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Growth Hormone
(Random Facts)

By Wesley James
http://www.pipeline.com/~wjames/MuscleMaker/

I'm hopeful that these random bits of research data will be useful to the reader in developing their own ideas about how they may use GH releasers and/or HgH in their training efforts.

Hormones of the GH Cycle

GHRH Prolactin
Somatotropin (STH) Luteinizing Hormone
Somatostatin Follicle Stimulating Hormone
Somatocrinin Thyroid Stimulating Hormone
Somatomedin Thyroxine - Thyroid Hormone

Two factors may be relevant to the action of GH: Absolute GH level and GH to Insulin Ratio.

Low levels of GH and high levels of Insulin are both associated with obesity (Bray 1983).

Lactic Acid may be the trigger substrate for GHRH.

GH levels generally and peak GH levels particularly drop 40% from age twenty-thirty and another 40% from age thirty-forty. There is a further drop beyond this with increasing age.

All GH levels, especially exercise induced GH release, decline rapidly through the thirties (Bazzare 1975, Prinz 1976, Zadik 1985).

GH blocks Insulin activity, stopping Glucose uptake into muscle cells.

High Glycemic Carbs block GH releasers.

It is GH's similarity to Insulin that causes fat loss by blocking Insulin's conversion of Glucose to fat.

GH encourages the use of fat for energy (Murad 1980).

Both GH and Insulin are required for muscle growth.

10 Grams of oral Arginine powder 1 Hour (1.5 Hours for capsules) produces GH release sufficient for fat burning and muscle growth when coupled with peak output exercise. (Individuals over 200 lbs probably need 12 Grams of Arginine.)

While Thyroid Stimulating Hormone may release GH, Thyroid Hormone itself (Thyroxine) does not.

The Hypothalamus produces GHRH which causes the Pituitary to release STH. There may be a number of intermediary and/or supplementary hormone secretions from various glands We are unaware of any definitive research on which hormones trigger or block other hormone secretions and in what order or at what levels. Among the secretions affected, in addition to GH, are Prolactin, Luteinizing Hormone, Follicle Stimulating Hormone, Thyroid Stimulating Hormone and, as previously mentioned, Insulin. The point is that while the muscle press applauded GH releasers and has now become almost dismissive of them and is now dealing with Insulin in somewhat the same way, the picture is far more complex then any of these journals have reported. As an example, to insure GH releaser effectiveness, a five hour time window is necessary, 3 hours before and two hours after. This window can be manipulated through the use of other substrates. Niacin, for example can be used to more rapidly reduce blood sugar levels but careful attention to dosage levels and timing are absolutely essential to the use of GH releasing nutrients. Moreover, this was made clear by Pearson and Shaw when they first introduced the idea to the bodybuilding world. (Though the Baryology (weight-control) research community had been aware of it for some time before.)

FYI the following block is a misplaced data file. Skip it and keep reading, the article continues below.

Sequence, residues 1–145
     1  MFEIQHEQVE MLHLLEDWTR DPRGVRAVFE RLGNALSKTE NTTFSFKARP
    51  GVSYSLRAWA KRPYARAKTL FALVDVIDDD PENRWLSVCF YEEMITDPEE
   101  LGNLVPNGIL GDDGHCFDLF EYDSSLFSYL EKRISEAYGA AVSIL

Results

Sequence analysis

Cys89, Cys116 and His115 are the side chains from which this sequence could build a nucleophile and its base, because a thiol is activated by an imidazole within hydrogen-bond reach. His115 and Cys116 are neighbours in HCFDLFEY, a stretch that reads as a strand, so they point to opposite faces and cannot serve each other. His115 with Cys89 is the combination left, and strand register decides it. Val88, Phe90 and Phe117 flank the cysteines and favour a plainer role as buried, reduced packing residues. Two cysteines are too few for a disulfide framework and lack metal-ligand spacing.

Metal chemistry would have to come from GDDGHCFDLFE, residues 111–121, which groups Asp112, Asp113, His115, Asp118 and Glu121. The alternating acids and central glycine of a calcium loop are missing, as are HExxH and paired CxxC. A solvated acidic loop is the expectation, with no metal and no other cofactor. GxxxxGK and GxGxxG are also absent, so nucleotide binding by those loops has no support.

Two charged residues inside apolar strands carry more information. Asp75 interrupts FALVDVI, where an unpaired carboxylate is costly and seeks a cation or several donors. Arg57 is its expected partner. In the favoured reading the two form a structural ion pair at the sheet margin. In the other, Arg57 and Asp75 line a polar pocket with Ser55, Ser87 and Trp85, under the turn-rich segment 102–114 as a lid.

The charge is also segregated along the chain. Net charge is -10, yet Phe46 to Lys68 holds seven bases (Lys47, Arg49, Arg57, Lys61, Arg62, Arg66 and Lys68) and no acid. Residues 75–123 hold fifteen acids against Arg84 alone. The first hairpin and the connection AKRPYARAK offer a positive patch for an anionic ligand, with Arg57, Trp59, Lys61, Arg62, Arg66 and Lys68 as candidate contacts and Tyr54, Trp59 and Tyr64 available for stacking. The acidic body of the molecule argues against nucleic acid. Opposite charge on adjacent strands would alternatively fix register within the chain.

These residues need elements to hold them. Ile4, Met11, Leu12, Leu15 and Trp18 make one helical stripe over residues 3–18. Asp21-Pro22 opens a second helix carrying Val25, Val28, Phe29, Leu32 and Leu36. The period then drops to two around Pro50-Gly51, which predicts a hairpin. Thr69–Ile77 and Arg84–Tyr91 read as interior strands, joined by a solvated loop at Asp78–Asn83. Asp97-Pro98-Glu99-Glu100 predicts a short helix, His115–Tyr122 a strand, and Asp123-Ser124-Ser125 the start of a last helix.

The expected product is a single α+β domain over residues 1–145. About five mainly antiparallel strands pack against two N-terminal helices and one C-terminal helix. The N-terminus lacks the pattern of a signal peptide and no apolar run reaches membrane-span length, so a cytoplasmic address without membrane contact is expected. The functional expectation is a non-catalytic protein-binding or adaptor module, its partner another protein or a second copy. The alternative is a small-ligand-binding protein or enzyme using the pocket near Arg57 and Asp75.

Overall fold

The GH release effect of Arginine is through Acetyl-Choline release. Acetyl-Choline levels must be kept high if GH release efforts are to be successful.

Low Potassium levels (as from diuretics), block GH release.

Phenylalanine and/or Tyrosine do not cause GH release but are involved in CCK production and thus appetite control.

Ornithine is twice as effective as Arginine in causing GH release.

Since Arginine causes an Insulin release, even in the absence of raised blood sugar levels, it produces a form of reactive hypoglycemia which accounts for a small portion of its GH Release action. This portion of the Arginine generated GH release is less affected by the proximity of dose administration to other protein intake.

The use of Melatonin may encourage GH release through the same mechanism as Tryptophan, the increase in serotonin levels at night.